Now in the original sequence of events, the story opens with the threat on Aria’s life.  The other precursors are revealed in changes in point of view and in flashbacks.  I didn’t like those very much, and by reaching back into the Story Spine of Aria’s life: that is, just by starting off my thinking with “Once upon a time …. until one day ….” a whole world opened up.  Another lesson I’ve heard in numerous places is to start your story deeper in on round two.  I think a better way to put that is, consider starting your story some-when else.  In this case I looked at it as Aria’s story, and since the map and Aria’s parents figure so prominently, maybe that is a good place to start.  I wrote that, the original, and several other possible starting points down, and it was clear after a short time that the one that offered the most cohesive plot was to start with the events of her parents disappearance, but just as an action sequence that hints at the map and something of life on Tearathon.  Given that point in time and space, I now had a “Once upon a time …” and an “until one day …” all based on what Aria is missing and believes is missing:

Once upon a time, there was a tanuki/human genetic hybrid girl named Aria who lived with other animal/human hybrids known as animalians on a distant planet called Tereathon.  Tanuki were treated with superstitious suspicion, and sometimes violence, and cross-hybrid family offspring were held in disdain.  The surface of Tereathon was uninhabitable and for untold generations animalians had dwelled beneath the surface of the planet in massive underground caverns. The girl’s parents went missing, their car found wrecked and abandoned, and were presumed dead.  She was raised by step-parents who were not tanuki and thought it safer for her if she hid the patterns in her fur and passed herself off as a cross rather than live as a tanuki.  This is how she grew up and the habits she developed.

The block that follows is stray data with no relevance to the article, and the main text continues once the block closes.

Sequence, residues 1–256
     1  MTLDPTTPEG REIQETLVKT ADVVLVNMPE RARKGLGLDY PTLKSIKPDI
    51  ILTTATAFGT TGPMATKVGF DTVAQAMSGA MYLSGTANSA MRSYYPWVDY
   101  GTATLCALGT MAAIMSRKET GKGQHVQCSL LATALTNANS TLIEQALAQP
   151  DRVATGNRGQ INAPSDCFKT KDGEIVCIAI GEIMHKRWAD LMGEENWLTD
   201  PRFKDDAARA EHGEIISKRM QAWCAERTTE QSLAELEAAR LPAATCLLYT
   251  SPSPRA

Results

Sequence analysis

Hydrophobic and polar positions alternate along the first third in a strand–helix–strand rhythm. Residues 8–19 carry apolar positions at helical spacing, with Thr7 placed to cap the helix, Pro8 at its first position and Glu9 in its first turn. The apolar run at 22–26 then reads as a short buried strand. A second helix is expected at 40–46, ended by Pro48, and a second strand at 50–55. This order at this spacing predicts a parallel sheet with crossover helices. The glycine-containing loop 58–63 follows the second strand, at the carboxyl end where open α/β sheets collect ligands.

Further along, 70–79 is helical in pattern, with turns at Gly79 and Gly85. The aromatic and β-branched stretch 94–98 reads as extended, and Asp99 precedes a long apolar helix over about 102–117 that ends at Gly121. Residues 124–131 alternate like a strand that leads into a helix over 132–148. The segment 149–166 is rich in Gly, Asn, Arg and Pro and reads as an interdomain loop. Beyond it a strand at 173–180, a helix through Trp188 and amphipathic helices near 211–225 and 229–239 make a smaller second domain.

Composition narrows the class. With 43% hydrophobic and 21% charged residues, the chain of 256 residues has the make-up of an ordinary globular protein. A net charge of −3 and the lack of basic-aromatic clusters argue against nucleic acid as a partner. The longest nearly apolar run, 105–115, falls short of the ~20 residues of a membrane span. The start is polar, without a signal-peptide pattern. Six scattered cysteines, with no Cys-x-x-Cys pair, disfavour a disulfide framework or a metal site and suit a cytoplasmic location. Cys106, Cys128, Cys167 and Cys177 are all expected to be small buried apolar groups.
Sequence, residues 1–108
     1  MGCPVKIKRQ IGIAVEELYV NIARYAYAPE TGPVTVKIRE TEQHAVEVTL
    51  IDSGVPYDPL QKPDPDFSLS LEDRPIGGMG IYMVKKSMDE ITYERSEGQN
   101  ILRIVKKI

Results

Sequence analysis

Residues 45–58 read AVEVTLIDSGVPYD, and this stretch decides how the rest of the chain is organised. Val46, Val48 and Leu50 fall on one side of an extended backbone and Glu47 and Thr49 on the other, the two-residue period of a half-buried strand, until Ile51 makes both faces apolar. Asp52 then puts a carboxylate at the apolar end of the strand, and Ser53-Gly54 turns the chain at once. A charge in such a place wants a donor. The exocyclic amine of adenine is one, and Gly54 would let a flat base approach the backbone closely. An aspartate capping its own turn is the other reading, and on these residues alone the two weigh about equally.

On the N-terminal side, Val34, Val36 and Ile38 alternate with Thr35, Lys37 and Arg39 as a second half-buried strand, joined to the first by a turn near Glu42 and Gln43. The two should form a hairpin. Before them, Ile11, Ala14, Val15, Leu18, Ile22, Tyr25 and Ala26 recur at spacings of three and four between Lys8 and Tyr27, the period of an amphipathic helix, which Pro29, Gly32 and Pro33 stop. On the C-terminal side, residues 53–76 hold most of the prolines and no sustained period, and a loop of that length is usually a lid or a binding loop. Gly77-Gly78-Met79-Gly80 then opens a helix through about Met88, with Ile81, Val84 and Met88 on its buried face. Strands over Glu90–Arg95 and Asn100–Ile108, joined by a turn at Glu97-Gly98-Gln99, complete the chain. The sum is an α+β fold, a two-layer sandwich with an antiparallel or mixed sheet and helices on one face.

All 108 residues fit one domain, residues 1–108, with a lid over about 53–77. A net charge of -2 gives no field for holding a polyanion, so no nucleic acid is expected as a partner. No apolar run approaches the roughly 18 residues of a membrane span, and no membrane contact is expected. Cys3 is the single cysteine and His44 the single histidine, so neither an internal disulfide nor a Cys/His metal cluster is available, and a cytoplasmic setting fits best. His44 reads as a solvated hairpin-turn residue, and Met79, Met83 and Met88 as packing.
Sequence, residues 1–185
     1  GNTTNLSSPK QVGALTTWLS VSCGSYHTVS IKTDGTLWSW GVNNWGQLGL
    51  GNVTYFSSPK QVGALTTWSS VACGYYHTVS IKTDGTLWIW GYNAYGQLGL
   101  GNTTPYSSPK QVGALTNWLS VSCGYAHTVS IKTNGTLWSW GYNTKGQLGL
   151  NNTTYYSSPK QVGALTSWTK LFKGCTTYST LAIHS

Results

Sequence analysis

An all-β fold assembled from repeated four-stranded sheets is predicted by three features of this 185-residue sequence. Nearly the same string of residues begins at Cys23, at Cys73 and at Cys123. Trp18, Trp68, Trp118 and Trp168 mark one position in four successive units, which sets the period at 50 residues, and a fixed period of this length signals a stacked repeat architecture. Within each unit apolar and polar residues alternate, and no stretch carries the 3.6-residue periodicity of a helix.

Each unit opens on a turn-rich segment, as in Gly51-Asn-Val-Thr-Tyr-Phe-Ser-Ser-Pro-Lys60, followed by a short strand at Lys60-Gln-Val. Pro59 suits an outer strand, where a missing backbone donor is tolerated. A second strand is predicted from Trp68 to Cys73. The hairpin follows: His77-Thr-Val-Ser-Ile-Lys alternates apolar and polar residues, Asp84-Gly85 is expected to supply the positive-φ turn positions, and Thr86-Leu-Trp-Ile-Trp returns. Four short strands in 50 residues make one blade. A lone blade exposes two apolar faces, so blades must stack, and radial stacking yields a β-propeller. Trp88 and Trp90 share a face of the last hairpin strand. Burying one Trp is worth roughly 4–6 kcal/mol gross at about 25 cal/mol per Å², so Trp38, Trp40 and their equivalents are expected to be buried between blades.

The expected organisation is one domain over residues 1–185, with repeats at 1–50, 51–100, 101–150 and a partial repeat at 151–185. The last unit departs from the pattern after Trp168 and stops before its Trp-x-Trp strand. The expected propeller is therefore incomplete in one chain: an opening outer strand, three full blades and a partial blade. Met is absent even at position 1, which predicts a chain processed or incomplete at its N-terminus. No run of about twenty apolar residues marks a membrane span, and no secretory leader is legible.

Every day Aria went about her business, trying to keep a low profile so as not to offend “normal” animalians.  She was content to just live quietly and get by in a world that treated her as less than equal and forced her to repress any expression of her true self.

Until one day her step-parents were killed in a suspicious factory fire and her uncle, who had molested her when she was 13, showed up, and she began receiving threats on her life along with demands for a map that had allegedly passed to her through her father.

Because of that, she discovered a connection between her father and an animalian who lived in town.  She went to see him (Graowf) and his friend (Prox) to learn if they knew anything about her father and the alleged map.

Because of that, Graowf ….

And I’ll stop there so I don’t reveal anything.  I will probably go back and revise the Spine, cutting it down to its core — it seems to wordy.  I’ll also construct a detailed outline that follows and that I’ll use for writing the second draft.   Regardless of what I do, you see how the process is working for me.  Lost and Found and the Story Spine seem to me quite useful tools for working a story plot.  I’ll post more on my thoughts about them as my novel progresses.

What tools do you use to help you develop story plots?